While founder and CEO Elon Musk’s unpredictable management of Twitter has forced Tesla stock into a precipitous decline, the car maker’s models continued to remain popular for most of 2022, according to Cox Automotive’s Kelley Blue Book.
For the first nine months of 2022, it reported four of the top six best-selling electric cars were Teslas. At the top of the ranking were the Tesla Model Y, with 191,451 units sold, and the Model 3, with 156,357 units. Finishing a distant third was the Ford Mustang Mach-E, with 28,089 units.
“With all the negative headlines surrounding Tesla and its increasingly controversial CEO Elon Musk in recent weeks, it’s easy to forget that the company’s cars are still very popular,” Data Journalist Felix Richter wrote Tuesday on Statista.
“While it’s too early to say whether Musk’s Twitter takeover and the turbulences that came with it will have a significant negative impact on demand for Tesla’s cars,” he continued, “its current position as the maker of the most popular electric cars in the United States and in many parts of the world is clear.”
Power of First Mover
In the EV space, Tesla has been wildly popular, and it remains so, observed Brent Gruber, executive director for Global Automotive at J.D. Power, a consumer research, data, and analytics firm based in Troy, Mich.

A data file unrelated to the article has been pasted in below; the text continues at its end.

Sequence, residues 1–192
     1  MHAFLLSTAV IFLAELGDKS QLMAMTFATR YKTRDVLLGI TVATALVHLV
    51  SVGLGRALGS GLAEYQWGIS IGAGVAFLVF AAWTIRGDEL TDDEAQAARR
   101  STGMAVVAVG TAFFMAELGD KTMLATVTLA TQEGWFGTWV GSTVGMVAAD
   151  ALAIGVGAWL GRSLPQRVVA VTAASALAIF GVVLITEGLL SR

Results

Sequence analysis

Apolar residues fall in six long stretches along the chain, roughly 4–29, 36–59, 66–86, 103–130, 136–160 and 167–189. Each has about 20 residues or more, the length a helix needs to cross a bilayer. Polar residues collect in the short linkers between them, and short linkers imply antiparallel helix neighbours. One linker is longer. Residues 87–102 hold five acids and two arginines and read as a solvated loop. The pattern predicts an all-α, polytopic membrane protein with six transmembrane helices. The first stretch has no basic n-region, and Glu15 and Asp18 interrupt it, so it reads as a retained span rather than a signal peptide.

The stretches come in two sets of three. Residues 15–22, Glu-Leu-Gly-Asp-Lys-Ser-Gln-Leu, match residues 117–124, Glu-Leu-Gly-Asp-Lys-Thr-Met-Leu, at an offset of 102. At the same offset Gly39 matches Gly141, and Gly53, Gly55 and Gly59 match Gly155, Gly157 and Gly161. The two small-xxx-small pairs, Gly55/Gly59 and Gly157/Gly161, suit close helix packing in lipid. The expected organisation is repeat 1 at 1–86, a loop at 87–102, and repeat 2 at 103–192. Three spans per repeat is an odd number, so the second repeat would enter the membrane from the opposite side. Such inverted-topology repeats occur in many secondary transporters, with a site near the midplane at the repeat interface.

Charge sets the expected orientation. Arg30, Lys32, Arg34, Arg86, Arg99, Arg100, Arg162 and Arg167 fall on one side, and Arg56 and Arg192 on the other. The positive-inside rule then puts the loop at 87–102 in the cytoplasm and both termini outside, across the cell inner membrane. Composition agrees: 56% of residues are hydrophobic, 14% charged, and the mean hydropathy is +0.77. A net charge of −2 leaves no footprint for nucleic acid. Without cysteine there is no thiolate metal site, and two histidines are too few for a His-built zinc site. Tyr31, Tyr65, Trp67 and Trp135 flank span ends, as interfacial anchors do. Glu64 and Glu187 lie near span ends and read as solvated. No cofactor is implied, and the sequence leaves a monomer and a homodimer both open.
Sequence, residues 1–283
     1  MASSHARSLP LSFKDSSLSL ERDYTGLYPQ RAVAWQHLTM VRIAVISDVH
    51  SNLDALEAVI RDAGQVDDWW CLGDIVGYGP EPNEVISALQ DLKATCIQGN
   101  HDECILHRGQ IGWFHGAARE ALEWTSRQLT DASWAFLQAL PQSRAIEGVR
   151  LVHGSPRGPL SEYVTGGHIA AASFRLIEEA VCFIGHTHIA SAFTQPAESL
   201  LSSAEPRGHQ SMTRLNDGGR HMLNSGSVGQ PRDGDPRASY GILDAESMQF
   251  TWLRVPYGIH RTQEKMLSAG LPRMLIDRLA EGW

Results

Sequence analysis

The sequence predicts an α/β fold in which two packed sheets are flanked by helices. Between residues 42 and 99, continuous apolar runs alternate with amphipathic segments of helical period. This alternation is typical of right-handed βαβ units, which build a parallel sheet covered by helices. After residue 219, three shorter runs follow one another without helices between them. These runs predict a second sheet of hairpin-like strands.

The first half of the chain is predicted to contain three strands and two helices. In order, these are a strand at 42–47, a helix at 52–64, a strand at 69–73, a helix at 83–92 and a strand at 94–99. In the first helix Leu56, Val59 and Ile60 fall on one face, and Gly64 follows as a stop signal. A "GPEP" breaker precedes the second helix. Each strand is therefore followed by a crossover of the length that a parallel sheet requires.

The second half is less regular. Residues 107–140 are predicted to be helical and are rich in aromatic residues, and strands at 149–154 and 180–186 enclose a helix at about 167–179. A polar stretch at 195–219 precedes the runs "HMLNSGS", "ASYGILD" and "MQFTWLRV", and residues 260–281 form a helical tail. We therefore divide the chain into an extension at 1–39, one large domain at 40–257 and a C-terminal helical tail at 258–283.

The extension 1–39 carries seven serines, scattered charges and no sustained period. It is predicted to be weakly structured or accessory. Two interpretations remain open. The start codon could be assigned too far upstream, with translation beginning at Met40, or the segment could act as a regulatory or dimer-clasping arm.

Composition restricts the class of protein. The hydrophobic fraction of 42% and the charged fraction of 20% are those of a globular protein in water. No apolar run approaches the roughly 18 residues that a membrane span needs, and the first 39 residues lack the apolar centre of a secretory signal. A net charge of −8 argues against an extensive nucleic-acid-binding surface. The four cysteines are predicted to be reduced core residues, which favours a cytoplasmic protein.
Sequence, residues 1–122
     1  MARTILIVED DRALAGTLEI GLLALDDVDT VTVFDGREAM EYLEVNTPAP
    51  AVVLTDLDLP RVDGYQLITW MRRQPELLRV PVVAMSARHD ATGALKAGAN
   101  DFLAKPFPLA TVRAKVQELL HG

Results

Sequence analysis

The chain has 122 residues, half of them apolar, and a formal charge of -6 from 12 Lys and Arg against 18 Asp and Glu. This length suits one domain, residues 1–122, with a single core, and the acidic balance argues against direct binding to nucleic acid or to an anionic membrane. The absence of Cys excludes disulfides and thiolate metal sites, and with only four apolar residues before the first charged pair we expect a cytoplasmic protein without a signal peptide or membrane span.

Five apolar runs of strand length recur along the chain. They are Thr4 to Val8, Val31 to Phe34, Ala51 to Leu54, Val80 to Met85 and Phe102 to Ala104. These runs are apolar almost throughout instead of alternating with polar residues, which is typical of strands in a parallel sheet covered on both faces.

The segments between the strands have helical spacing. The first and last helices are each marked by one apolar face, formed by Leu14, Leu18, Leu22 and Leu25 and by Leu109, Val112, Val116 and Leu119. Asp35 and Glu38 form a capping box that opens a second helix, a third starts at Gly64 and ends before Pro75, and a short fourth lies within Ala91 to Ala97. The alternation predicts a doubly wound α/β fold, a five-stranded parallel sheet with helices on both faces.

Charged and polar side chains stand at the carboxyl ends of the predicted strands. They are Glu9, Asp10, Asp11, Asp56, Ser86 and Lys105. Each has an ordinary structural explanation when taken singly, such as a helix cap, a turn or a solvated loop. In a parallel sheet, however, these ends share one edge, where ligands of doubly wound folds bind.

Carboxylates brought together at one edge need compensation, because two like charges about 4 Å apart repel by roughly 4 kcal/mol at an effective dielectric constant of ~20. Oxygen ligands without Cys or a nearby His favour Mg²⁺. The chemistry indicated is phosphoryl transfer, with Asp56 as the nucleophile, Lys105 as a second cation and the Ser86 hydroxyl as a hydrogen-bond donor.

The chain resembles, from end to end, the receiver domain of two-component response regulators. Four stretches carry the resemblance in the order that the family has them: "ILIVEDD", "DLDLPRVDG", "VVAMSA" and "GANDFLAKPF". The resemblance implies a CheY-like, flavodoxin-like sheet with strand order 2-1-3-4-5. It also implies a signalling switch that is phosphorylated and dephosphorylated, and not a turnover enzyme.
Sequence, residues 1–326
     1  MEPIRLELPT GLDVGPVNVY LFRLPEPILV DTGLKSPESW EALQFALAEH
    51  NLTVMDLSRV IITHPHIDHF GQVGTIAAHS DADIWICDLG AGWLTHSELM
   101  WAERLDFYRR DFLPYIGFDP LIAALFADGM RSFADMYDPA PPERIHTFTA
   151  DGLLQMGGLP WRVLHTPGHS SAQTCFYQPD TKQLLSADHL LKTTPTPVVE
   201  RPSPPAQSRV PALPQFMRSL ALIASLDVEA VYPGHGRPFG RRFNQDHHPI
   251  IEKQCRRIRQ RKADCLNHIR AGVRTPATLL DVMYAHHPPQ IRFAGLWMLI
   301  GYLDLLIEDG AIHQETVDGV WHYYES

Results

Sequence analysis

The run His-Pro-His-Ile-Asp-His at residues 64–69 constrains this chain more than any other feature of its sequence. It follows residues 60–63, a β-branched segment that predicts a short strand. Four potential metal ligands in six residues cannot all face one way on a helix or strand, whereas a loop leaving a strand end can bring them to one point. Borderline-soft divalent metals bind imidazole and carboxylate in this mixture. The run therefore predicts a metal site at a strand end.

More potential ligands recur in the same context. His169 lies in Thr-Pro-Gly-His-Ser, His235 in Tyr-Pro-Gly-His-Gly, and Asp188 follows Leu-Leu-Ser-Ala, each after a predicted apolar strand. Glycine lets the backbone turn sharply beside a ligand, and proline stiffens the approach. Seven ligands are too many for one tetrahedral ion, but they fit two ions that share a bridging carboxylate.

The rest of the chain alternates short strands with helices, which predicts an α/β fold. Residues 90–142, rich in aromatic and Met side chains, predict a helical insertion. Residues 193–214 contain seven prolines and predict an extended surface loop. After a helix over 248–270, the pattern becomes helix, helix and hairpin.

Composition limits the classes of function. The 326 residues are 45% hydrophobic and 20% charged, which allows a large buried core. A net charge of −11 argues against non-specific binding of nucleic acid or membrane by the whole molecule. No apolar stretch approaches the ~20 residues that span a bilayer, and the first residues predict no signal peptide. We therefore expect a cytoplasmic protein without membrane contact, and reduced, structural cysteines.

Citing December survey data from JDP, Gruber noted that among shoppers looking to buy a vehicle in the next 12 months, four out of 10 who are “very” or “somewhat” likely to purchase an EV were considering the Tesla brand. “This is second only to Chevrolet,” Gruber told TechNewsWorld.
“However,” he continued, “the percentage of those likely EV shoppers who are considering Tesla has declined by five-percentage-points from November.”
Tesla is still benefiting from being a first mover in the EV market, contended Chris Jones, chief analyst with Canalys, a global market research company.
“There was very little competition, and there still isn’t very much competition,” Jones told TechNewsWorld.
“Tesla also had status appeal that at the time the Nissan Leaf, Chevy Volt, the BMW i3 just didn’t have,” he added.
Another attractive feature for early customers, he continued, was over-the-air updates of the Tesla’s software. “Only now can some of its competitors do that,” he said. “So Tesla was a decade ahead in software updates and ability to improve the vehicle as it got older.”
Being a “pure play” electric car company operating at scale is another advantage Tesla has in the market — in addition to being the only EV maker with a charging network, added Rob Enderle, president and principal analyst at the Enderle Group, an advisory services firm in Bend, Ore.
“The other car companies are ramping up their electric vehicles but have experienced supply problems as they ramped to volumes thanks to the pandemic, war, and other supply issues,” Enderle told TechNewsWorld.
Chart Credit: Statista
Tesla’s charging network is an important element of its offering, maintained Mike Ramsey, vice president and analyst for automotive and smart mobility at Gartner. “Their charging network is a basic differentiator between them and other brands selling electric vehicles,” he told TechNewsWorld.